1) Price: The price needs to come down… waaaaay down. They need to cost less that it costs me to step into a used pBook store and pick up a pulp copy. Why… because if it costs more, that’s where I’m gonna get it, Mister Publisher… and you won’t see a frigging dime of my cash. In these times and costs, I consider that with every purchase of pBooks I make. How bad do I want it and am I willing to wait for it to inevitably show up at my LUpBS (Local Used pBook Store). You want me to buy it now… there’s my price. Cheap, Cheap , Cheap. 3 bucks would be a great price point. That’s about what I can get it for used. That’s for either hard-or paperback release… there’s absolutely no difference till you print it and all I’m interested in is the words… if I want the hardback, I’ll by the hardback.

And before you spin me a said song about how the writers make next to nothing on a pBook , I know that… but lets look at it for real. An average writer makes about 16% on a pBook , and I doubt that’s gross. either. But, for an average paperback pBook which go around eight bucks right now, that means about $1.25. So… If you sell me an eBook for 3 bucks, you can give that writer the same $1.25 and you get to keep $1.75 for you. That for a single purchase of an item that needed nothing more than editing and a bit of lay out… no printing, no storage, no shipping, no losses (unless the book is crappy, of course).

But think of the alternative… if I buy it at my LUpBS, the writer make nothing on the sale, and neither do you.

Of course, the writer could sell it to me direct for say… $2.00 and pocket most of it less editing and layout, and probably do better than publishing with you, mister Big Publishing House… but the advertising and nominal marketing you do might be worth it to him to take the loss.

2) Propriaty: Ok… I’m NOT buying a special reader for your crap, Mister Publisher. No way. Period. It ain’t gonna happen. And I’m not jumping through the thirty hoops of your DRM to work. I’m not even going to download a special reader free… absolutely not. I have a lovely 5-year old Desktop and and nice year old Net-book and a lovely one-month old Smart-phone. If I can’t read it on all of them…. then it’s not even worth the three bucks. After all, I’m already providing the space, power, electronics and time… all I need from you is the frisking media file. .PDF is a fin format, and you can watermark it so if a copy leaks, you know where it came from… hell with a bit of ingenuity and more than likely a lot less money that you’re spending on proprietary formatting and DRMs that some 12-year old is gonna crack in ten minutes anyway… I’ll bet you can come up with a system to track it right to my copy.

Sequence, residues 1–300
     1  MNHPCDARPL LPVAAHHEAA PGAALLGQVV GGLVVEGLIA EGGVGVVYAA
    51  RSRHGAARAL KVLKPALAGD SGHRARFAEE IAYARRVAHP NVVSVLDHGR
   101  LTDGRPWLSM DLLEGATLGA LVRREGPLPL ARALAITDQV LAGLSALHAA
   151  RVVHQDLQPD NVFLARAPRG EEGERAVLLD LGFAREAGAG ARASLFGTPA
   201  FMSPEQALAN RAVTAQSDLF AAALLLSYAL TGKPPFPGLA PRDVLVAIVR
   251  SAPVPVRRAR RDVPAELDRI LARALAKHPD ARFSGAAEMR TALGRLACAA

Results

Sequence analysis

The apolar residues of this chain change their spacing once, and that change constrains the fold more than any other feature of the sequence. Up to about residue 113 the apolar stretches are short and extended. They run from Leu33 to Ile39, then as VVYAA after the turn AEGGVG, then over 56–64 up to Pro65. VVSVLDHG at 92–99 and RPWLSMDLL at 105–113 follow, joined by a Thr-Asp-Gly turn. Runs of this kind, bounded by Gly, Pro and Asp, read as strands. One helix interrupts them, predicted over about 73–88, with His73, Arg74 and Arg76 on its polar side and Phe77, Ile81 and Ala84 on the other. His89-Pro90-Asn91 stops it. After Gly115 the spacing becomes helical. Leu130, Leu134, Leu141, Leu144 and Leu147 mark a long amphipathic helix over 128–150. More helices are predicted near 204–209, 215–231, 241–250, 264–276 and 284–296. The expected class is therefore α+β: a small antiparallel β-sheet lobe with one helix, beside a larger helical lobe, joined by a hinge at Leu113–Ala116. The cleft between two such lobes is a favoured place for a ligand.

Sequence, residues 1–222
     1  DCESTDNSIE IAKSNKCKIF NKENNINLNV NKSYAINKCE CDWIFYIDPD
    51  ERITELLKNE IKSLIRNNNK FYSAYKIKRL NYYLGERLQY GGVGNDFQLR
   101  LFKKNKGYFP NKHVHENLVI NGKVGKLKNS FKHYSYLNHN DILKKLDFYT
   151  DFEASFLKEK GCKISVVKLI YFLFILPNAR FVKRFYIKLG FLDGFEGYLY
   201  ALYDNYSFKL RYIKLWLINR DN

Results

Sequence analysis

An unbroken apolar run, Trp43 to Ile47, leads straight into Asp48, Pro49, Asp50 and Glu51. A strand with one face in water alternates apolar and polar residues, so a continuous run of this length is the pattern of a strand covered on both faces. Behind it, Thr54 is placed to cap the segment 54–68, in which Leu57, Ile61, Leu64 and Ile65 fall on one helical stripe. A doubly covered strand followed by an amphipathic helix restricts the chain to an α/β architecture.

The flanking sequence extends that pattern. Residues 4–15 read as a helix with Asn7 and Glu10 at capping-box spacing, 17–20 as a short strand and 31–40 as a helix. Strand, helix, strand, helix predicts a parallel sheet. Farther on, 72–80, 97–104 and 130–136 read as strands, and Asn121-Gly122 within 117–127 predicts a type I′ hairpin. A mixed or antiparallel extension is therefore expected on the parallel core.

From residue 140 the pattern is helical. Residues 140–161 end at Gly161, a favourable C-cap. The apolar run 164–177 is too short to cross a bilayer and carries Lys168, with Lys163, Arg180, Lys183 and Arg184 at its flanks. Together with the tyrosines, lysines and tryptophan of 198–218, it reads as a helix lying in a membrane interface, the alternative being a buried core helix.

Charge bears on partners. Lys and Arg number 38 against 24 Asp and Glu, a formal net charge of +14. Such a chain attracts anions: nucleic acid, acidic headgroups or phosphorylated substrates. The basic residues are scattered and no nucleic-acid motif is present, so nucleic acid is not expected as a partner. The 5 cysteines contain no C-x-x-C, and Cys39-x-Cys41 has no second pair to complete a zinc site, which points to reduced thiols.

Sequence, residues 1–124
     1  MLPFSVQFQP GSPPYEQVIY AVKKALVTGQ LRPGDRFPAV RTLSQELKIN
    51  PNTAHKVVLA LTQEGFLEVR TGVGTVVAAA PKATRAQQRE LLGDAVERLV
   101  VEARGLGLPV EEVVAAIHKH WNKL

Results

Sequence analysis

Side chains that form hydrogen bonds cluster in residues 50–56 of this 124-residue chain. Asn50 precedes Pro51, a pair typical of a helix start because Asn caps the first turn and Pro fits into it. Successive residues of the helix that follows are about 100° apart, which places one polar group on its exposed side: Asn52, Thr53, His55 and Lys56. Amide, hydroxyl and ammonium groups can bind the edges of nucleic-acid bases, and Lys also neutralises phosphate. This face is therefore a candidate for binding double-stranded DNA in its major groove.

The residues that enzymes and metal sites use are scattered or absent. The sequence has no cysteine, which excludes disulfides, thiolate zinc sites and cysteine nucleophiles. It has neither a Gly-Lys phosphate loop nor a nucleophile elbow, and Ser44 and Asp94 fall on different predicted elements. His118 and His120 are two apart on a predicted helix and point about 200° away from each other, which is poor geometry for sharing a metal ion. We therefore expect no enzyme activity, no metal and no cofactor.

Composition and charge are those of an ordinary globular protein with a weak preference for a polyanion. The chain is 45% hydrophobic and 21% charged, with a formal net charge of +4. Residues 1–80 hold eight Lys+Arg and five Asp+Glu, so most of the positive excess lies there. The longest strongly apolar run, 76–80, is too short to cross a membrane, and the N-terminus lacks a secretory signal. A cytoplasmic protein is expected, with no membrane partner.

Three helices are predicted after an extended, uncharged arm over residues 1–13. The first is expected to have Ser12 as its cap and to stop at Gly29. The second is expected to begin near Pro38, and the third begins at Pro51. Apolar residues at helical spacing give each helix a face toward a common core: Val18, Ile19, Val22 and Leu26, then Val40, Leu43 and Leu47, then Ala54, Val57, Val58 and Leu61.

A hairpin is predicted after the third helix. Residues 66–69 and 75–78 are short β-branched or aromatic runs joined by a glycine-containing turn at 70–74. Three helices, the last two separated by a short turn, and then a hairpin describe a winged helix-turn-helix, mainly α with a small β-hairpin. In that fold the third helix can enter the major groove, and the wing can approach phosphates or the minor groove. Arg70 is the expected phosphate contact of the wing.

And, I’ll bet you can even come up with a way for me to loan the eBook to someone else… but if you’ve paid attention to Number 1 above, than it’s cheap enough that if I wanna give it to a friend, I’ll just give him the 3 bucks (or maybe you can allow me to purchase a gift coupon code that allows him to go download it.)

But I digress…

Back to Propriety. Just Say No; and keep firmly in mind that unlike most eBooks right now; pBook is multi-platform… it can be read with any “Light” reader… be it Sun-Light, Day-Light, Candle-Light, Iridescent-Light, Florescent-Light… even Night-Light, Flash-Light and Fire-Light platforms.

3) Free Stuff: This one is simple. If I care enough about Book “X” to buy a pBook give me the eBook for free! That’s right, free. Remember when places used to give you free stuff to get you to try it? Show me the convenience of your new eBook, show me how cool it is to have one… like all the rest of the cool kids. Face it… it costs you nothing to make an eBook… it’s simple the file you’re using for printing anyway, just reformatted a bit (maybe some layout tweaking). Just give it to me.

And what a promotion tool. “Wanna try Bob Jones new book, “Wankeropolis”… be the first 100 to log in and agree to review it and get a free copy!” How bout this “Bob Jones will be handing out free eCopies of his book on flash drive at Wankercon! Read it and post your review on-line” Or even “Follow the clues on the flash-drive and figure out the mystery and you could win a copy of Bob Jones new book “Wankeropolis” How cool would *that* be.

4) Not so Free Stuff: Here’s a good one to. Buy the eBook and get a three bucks off the pBook version. What a good way for me to try out an author? I spend very little and buy an eBook, read it and if I want I can buy a pBook copy of it for my shelf without worrying about “doubling up”. And since I’ve seen his stuff, I might be interested enough in it to buy other eBooks as well. It’s the same as Number 3, but it utilizes the eBook as a lest costly way for you to get sales of both… even from people that may not have considered buying pBook.

So… there you have it. eBooks, and what it’ll take to get me to buy one.

Just something to think about…

Now… go out and read a pBook!

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Published in: on 02/02/2010 at 07:59  Leave a Comment